Pain With Dominant DEB Can Be Severe, Affecting Life Quality
Pain, but not wound size, significantly affects a person’s perception of disease severity with dominant dystrophic epidermolysis bullosa (DEB), a study reports.
Chronic open wounds, difficulty swallowing or walking, and anal narrowing also plays into patients’ perceptions of their disease’s severity.
The study, “Patient-reported outcomes and quality of life in dominant dystrophic epidermolysis bullosa: A global cross-sectional survey,” was published in the journal Pediatric Dermatology.
DEB is one of the major forms of epidermolysis bullosa, characterized by very fragile skin prone to blisters and tearing with the slightest movement, and scarring of healed wounds. It is caused by mutations in the COL7A1 gene, which contains the instructions to produce a part of type VII collagen, key in the adhesion of skin layers.
In dominant DEB, only one copy of the mutated COL7A1 gene needs to be inherited from a parent to cause the disease. A child with recessive DEB, in contrast, needs to inherit two mutated copies (one from each biological parent) to develop the disease.
Dominant DEB typically has a milder presentation than the recessive form, with mostly benign blistering and less common non-skin manifestations. However, both forms often have overlapping symptoms and degrees of severity.
Most research on disease burden has focused on recessive DEB. Here, a team led by scientists at the Stanford University School of Medicine analyzed results of an online survey into disease burden in people with dominant DEB.
The survey, open to patients and their caregivers and running from February 2012 to October 2016, asked respondents to complete a medical profile and the quality of life evaluation in epidermolysis bullosa (QOLEB), a questionnaire that scales disease status and well-being. Higher scores indicate a poorer qualify of life.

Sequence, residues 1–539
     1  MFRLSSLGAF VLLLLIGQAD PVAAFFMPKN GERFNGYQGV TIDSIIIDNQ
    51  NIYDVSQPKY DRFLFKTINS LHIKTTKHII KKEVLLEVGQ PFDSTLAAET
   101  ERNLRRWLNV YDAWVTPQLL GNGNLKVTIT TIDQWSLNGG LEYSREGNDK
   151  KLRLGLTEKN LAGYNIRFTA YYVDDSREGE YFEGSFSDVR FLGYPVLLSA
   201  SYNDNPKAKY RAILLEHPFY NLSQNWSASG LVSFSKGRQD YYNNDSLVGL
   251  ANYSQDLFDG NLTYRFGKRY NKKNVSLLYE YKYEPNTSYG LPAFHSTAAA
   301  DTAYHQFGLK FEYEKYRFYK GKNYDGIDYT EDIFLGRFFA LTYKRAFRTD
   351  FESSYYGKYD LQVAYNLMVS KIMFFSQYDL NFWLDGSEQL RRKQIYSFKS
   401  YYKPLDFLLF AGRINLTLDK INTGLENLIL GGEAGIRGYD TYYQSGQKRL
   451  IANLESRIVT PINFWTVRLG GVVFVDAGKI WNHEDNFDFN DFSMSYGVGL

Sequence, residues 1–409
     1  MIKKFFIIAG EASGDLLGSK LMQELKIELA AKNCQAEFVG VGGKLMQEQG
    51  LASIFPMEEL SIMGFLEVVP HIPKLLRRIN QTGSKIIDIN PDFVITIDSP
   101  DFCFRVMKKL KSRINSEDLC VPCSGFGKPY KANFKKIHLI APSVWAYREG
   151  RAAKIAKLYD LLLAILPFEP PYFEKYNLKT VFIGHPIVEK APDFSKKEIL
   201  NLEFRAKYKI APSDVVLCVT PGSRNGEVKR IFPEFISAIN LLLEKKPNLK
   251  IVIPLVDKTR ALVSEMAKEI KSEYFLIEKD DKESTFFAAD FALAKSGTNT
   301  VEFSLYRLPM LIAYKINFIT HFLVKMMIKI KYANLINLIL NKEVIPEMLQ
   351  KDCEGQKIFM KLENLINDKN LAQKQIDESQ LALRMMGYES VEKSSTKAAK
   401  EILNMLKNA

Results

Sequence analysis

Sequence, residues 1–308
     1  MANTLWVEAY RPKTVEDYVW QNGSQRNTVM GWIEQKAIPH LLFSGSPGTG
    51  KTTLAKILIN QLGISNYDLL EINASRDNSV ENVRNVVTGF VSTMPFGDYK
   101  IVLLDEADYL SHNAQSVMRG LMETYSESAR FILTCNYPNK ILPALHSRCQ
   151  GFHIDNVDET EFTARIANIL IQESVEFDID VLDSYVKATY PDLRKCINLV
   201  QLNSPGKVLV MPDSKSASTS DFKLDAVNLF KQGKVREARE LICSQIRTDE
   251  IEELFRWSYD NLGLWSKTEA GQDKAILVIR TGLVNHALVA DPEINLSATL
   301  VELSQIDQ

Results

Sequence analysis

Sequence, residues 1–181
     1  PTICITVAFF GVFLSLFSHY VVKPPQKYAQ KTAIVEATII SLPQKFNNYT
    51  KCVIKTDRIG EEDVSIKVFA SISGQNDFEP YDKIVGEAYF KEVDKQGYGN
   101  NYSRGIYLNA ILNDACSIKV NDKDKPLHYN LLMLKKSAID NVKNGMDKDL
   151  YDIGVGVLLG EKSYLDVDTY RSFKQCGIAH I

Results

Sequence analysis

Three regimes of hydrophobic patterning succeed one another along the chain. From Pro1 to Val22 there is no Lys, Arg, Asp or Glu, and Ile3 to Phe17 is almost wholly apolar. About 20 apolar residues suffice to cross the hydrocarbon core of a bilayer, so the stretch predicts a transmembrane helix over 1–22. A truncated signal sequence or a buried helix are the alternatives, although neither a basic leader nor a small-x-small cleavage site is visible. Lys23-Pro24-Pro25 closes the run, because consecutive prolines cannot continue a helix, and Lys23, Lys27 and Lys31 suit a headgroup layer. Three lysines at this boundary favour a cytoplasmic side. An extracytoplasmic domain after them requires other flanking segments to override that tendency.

It was conducted as part of the EBCare Registry, an online database created by Debra and Lotus Tissue Repair.
Of 439 people with EB, 42 (9.6%) had dominant DEB. Almost a third (12 patients, 28.6%) were under the age of 18 and half (21 patients) had at least one immediate family member with dominant DEB. Most resided in North America (31), followed by Europe (eight patients) and with one in Asia and two in Australia.
In nine patients (21.4%), the diagnosis was made via genetic testing, with 12 others (28.6%) diagnosed by tissue analysis and five by clinical observation.
A total of 23 respondents classified the skin lesions or blisters as mild, followed by 12 who said they were moderate. Four patients reported the skin lesions as severe. Three patients didn’t reply regarding disease severity.
People with moderate to severe disease reported significantly more chronic open wounds (75%) compared with those with mild disease (30.4%). In both groups, most chronic wounds were on the arms and/or legs, but these wounds among moderate to severe patients were also on the head and neck (four patients) and trunk (one patient).
Pain severity in the previous year was also found to be significantly worse in those with moderate to severe disease compared with people with milder presentations. Likewise, quality of life evaluation scores were higher in this more severe group (mean scores of 33.4) relative to milder disease patients (mean scores of 24.9).
In addition to pain, difficulty in swallowing, trouble walking, anal strictures (narrowing), and hair problems were more frequently reported by patients with moderate to severe disease.
Medication use was also higher among these patients, including psychiatric medications, painkillers (including opiates), itch treatments, and laxatives.
A need for painkillers during dressing changes was reported by a majority (81.3%) of those with moderate to severe disease and 4.4% of patients with mild disease.
The percentage of recurrent wounds, as well as wound sizes and infections, blisters, itch, nail problems and milia (small cysts) were similar between both groups.
“Our findings show a high incidence of pain, chronic wounds, difficulty swallowing, and difficulty walking in self-reported moderate-severe DDEB [dominant DEB] participants, with a trend toward worsening quality of life score (QOLEB) that is similar to recessive DEB patients,” the researchers wrote.
“As research on DDEB increases, future studies focused on these symptoms might be the most impactful for DDEB patients,” they concluded.